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Oxford Student Film Review: The Pacifist

Flynn Hallman reviews The Pacifist, a short film created by a team of recent University College graduates.

CW: murder, gun violence, mental illness

On Tuesday 21st May 1940, a brief section in the news columns of the Liverpool Echo was headed: “Student Remanded Smiles To Friends From The Dock”. The case referred to the events of a few days prior, in which John Fulljames, a nineteen year old undergraduate of University College, Oxford, opened fire at fellow students from his bedroom window overlooking the Radcliffe Quad. In the process, he killed one and injured two others. The Pacifist, a short film detailing the days leading up to the event from Fulljames’ perspective, premiered at the college on 29th April this year, a few metres away from where, almost exactly eighty-two years prior, the event took place. 

The Pacifist was put together by a team of recently graduated University College students. Matthew Hardy (2018, English) wrote the screenplay and collaborated on direction with Jack Rennie (2017, PPL). The premiere was held in a building overlooking Merton Street, late on a Friday evening. I attended it alone, and arrived a few minutes early. Not knowing anyone else in attendance at the ‘invite-only’ showing, I naturally feigned interest at the artwork in the foyer as a steady trail of college alumni, student peers, and relatives of those involved in the production filtered into the venue. Thankfully, this neat reminder of my social awkwardness did not last too long, and we were led upstairs to the lecture theatre where the screening took place.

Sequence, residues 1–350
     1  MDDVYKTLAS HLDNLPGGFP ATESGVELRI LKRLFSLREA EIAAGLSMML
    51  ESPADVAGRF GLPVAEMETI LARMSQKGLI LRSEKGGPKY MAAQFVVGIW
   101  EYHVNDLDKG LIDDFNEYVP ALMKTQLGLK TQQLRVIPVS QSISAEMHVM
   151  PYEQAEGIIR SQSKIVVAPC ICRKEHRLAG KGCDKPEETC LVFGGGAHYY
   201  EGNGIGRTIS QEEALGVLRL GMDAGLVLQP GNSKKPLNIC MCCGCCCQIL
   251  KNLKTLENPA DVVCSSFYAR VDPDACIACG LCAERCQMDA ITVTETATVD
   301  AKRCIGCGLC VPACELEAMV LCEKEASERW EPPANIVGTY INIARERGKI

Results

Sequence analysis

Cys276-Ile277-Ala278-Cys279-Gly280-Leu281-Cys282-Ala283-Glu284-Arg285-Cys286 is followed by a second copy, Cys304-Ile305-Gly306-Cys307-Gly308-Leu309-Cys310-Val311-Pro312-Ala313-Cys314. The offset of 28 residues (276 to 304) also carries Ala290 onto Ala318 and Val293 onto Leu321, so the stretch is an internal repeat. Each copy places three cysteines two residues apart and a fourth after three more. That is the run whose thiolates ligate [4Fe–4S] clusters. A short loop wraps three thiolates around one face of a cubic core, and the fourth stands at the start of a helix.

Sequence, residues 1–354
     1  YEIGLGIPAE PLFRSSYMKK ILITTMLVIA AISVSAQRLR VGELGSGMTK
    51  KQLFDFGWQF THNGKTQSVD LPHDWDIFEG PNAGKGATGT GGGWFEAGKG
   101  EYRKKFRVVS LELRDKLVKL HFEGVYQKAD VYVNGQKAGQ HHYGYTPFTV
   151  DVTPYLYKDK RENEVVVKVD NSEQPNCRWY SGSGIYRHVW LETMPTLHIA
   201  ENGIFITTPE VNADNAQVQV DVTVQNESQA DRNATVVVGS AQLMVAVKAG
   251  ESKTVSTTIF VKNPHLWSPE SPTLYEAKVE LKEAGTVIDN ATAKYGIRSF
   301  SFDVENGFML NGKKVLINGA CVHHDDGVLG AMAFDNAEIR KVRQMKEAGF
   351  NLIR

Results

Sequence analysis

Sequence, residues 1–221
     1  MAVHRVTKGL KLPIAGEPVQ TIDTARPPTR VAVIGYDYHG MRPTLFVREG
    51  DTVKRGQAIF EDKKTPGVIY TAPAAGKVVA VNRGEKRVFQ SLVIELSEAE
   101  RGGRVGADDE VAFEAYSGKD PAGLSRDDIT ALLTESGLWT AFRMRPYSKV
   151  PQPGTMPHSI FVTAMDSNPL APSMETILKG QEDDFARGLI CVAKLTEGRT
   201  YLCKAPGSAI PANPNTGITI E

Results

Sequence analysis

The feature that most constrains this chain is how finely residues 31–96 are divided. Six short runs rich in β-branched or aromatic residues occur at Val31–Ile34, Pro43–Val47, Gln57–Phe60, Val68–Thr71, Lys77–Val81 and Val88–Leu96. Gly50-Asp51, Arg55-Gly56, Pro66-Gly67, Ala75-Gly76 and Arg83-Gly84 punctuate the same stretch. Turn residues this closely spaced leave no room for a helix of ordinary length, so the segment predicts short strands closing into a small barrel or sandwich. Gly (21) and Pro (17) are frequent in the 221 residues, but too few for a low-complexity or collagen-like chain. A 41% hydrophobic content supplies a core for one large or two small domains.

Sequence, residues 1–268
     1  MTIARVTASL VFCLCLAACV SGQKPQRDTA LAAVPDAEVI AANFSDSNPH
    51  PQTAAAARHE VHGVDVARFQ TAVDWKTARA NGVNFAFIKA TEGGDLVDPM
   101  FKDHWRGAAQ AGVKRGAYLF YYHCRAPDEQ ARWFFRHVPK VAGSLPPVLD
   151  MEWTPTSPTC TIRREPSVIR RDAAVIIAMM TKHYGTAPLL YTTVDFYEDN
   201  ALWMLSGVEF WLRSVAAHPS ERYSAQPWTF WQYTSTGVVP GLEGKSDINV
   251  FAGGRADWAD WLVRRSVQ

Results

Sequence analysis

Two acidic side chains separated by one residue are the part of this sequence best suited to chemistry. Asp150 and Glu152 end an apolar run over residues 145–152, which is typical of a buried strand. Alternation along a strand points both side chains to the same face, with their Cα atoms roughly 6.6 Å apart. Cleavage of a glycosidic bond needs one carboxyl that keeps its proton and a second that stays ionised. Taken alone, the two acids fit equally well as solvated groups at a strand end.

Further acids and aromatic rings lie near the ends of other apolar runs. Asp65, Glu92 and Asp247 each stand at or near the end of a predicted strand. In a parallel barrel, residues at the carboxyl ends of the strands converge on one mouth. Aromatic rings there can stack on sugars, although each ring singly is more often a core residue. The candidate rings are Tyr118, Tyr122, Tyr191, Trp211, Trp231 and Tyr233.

The film begins with Fulljames, played by Levi Mattey, preparing for a trial of an altogether different kind to that described in the papers of 21st May. A conscientious objector, the eponymous ‘pacifist’ is intent on attaining a legal exemption from joining the Western Front. Fulljames’ psychological deterioration in the days before the date of his hearing constitute the film’s direct plot-line. Yet The Pacifist’s principal effect lies in the multiple perspectives in which it represents Fulljames. He is at once an avowed socialist and an Oxford aesthete, at times a genuine victim of incontrovertible circumstance, at others overly self-pitying and narcissistic. Hardy writes Fulljames’ echoic repetition of quotes from Hamlet, Julius Caesar, and Matthew 24:6 alongside his own skittish ramblings. The effect is such that any judgement regarding the authenticity of Fulljames’ psychological affliction is brilliantly set against the self-consciously performative nature of its manifestation in the film. 

Mattey’s performance deftly captures the subtleties of such a character, while his two friends (played by Jerry Mutulu Woolley and Chester Caine) provide well-executed foils from which to compare his increasingly disassociated identity. From as early as the opening scene, Fulljames’ anxious, anti-war stream of consciousness vocal overlays twee shots of him walking the grounds of his college. The atmosphere of much of the rest of the film rests on this form of juxtaposition. One evening, solitary bare-walled bedroom shots depict a sleepless Fulljames disturbed by a lavish college dinner party going on downstairs. This disturbance then transmutes into a dream-sequences set across two of the college’s most romantic sites: the chapel and the sculpture of Percy Shelley. At first, Fulljames’ feverishly anxious thoughts about the war echo in the background as we see him contemplating the statue outside its gated confines. In the most beautiful shot of the film, a silence suddenly falls as he climbs the gate and begins touching and embracing the sculpture. The pallid figure of the drowned Romantic poet provides the inspiration for the film’s main illustration, and this scene then transitions into the chapel. Here Fulljames’ skittish interior monologue begins again in earnest, as the spectre of one of the ladies from the party (played by Martha West) encircles him tauntingly.